6. What Cardiologists Tell Their Friends
“Go easy with the exercise”

Mo Med. 2012 Jul-Aug;109(4):312-21.

Cardiovascular damage resulting from chronic excessive endurance exercise.

7. Brisk Walking Equals Running for Heart Health: Study
By Steven Reinberg

8. Shoes:

9. Runners Can Improve Health and Performance With Less Training, Study Shows

10. A Lesson in Neurology from Jimi Hendrix

by ;luke barnes

Foot Arch Question: Sent in from one of our readers

How would one go about “rebuilding” their transverse arch? The latter is pretty much convex. This also accomapnied by very tight long toe extensors (as evidenced by their tendons being very prominent at the top of my foot and my toes being curled at rest) and have suffered on and off from Morton’s neuroma. The ball of my shoes (right in the middle) is where the insoles of my shoes see the most wear. It’s not a huge concern of mine, but I would like to deal with this. I’ve suffered several ankle injuries (as a basketball player) and although I’ve tried orthotics in the past (for the neuroma), I’ve relied mostly on minimalist footwear (except when playing ball of course…). I know some rehab would be in order and would likely work. I’ve “reconditoned” my big toe abductors in the past and can even cross my second to over my big toe, so am just looking for some direction.

Our Response:

As you probably are aware, there are 3 arches in the foot: the medial longitudinal (the one most people refer to as the “arch”, the lateral longitudinal (on the outside of the foot) and transverse (across the met heads).

Your collapsed transverse arch seems like it may be compensated for by a rigid, probably high medial and lateral longitudinal arches. This creates rigidity through the midfoot (and often rear foot) and creates excessive motion to try and occur in the forefoot. Depending on how much motion is available, this may or may not occur.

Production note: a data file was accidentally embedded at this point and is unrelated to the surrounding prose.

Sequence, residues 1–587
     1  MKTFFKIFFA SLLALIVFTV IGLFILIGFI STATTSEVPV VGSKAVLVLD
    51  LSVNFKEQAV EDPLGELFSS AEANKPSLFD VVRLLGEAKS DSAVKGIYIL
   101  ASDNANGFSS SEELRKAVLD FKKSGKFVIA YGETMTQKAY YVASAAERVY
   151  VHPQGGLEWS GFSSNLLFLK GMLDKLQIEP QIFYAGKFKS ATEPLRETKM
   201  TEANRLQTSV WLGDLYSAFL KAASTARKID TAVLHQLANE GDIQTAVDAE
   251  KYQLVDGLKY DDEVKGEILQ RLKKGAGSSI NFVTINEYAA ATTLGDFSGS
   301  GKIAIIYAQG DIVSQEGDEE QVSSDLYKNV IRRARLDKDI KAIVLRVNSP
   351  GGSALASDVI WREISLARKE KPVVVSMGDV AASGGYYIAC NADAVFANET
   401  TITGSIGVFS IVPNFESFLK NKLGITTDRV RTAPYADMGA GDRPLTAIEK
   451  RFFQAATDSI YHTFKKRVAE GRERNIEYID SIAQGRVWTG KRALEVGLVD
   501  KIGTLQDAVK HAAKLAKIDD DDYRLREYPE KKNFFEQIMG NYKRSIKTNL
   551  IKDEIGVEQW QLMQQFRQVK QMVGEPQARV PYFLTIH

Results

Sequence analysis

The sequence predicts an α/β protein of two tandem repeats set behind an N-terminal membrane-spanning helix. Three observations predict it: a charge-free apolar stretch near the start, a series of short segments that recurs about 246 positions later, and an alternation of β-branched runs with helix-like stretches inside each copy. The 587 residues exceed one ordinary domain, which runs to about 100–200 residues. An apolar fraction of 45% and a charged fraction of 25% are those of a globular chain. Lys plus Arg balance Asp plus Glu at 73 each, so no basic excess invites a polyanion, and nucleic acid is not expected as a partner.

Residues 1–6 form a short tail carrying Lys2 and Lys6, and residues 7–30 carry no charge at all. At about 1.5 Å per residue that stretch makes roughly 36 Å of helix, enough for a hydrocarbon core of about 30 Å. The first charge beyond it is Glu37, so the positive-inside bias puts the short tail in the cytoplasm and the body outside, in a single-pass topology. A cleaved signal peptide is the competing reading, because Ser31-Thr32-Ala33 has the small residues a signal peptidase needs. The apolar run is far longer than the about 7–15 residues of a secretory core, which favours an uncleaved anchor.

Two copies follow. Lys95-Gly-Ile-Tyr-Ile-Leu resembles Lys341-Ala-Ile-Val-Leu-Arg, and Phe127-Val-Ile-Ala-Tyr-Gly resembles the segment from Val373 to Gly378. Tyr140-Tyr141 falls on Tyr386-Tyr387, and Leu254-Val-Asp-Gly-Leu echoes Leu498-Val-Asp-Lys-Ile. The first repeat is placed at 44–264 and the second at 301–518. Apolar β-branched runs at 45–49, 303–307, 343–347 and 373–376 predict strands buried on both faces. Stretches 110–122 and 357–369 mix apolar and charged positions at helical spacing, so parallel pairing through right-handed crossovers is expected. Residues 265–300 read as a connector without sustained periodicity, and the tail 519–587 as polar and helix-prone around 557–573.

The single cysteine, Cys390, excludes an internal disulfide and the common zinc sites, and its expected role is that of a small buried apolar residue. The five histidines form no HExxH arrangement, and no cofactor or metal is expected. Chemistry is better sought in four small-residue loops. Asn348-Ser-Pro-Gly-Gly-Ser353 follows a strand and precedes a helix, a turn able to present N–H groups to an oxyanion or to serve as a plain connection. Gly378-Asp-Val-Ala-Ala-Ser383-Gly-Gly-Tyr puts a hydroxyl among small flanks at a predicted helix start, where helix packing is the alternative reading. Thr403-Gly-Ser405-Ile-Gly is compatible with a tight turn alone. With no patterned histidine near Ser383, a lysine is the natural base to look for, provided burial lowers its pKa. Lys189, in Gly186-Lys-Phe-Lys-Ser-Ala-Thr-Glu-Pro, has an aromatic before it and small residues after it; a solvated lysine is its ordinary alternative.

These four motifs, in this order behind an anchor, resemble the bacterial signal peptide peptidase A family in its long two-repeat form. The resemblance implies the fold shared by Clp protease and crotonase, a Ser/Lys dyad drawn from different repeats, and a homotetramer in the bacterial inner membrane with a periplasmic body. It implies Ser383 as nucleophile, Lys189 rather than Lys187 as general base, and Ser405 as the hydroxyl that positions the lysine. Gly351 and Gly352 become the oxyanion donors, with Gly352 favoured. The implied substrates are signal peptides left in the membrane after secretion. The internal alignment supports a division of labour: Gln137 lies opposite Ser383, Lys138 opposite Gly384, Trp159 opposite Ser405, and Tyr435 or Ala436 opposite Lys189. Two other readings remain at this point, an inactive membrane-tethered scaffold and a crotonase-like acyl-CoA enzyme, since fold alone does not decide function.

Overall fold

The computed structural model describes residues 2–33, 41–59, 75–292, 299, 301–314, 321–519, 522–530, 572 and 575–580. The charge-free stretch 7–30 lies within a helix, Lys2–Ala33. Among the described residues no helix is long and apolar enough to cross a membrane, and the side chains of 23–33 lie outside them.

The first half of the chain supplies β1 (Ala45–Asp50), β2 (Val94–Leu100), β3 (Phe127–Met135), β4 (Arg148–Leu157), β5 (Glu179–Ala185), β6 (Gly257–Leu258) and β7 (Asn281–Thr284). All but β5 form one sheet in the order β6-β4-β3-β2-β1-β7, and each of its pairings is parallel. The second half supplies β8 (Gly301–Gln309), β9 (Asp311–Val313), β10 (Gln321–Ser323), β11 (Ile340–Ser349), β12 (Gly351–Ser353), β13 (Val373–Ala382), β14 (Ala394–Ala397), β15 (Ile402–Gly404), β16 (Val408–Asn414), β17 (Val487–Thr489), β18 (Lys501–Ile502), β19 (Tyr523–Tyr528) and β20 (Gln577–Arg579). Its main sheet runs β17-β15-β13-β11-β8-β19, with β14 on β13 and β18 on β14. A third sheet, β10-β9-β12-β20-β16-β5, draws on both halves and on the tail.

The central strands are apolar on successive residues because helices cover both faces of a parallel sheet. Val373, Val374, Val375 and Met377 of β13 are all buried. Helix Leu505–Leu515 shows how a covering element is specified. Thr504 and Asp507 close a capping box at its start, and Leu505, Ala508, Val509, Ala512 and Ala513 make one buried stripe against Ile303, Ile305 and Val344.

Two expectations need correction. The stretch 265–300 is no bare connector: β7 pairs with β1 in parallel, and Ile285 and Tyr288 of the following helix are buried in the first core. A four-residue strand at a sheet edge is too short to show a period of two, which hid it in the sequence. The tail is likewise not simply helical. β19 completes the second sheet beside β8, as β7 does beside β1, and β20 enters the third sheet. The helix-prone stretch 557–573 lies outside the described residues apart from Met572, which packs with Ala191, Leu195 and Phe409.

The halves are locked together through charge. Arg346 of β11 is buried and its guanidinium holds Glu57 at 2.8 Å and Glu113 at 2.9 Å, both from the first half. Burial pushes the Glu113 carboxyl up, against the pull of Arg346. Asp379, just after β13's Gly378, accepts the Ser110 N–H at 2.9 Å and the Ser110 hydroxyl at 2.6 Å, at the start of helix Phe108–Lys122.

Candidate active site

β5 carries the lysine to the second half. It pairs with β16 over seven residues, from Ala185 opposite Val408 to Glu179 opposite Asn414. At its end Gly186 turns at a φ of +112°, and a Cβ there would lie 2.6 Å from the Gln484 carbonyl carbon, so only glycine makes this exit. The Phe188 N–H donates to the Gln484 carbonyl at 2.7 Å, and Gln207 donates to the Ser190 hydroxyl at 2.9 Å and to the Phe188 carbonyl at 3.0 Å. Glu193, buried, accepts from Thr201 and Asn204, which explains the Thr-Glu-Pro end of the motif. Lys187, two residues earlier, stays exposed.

You don’t seem to be able to get your 1st metatarsal head to the ground to form an adequate tripod, so you are trying, in succession, to get some of the other, more flexible ones there (thus the wear in the “ball” of the foot you noted). This results in increased pressure, metatarsal head pain, possibly a bunion and often neuromas.

From your description, you actually have very weak long toe extensors (and possibly some shortening) which is causing the prominence of the tendons, along with overactivity of the long flexors (and thus the clawing) in an attempt to create stability. I am willing to bet you have tight calves as well (especially medially, from overuse of the gastroc to control the foot) and limited hip extension with tight hip flexors.

The foot tripod exercises are a great place to start, as well as heel walking with the toes extended and walking with the toes up (emphasizing extension, which counteracts the flexors). Stay away from open back shoes and flip flops/sandals; continue to go barefoot and get some foot massages to loosen things up. Maybe use one of those golfballs to massage the bottom of the foot when you get off the course and get some golf shoes that aren’t quite so rigid.

Hey everyone. Have a Great 4th of July!

The Gait Guys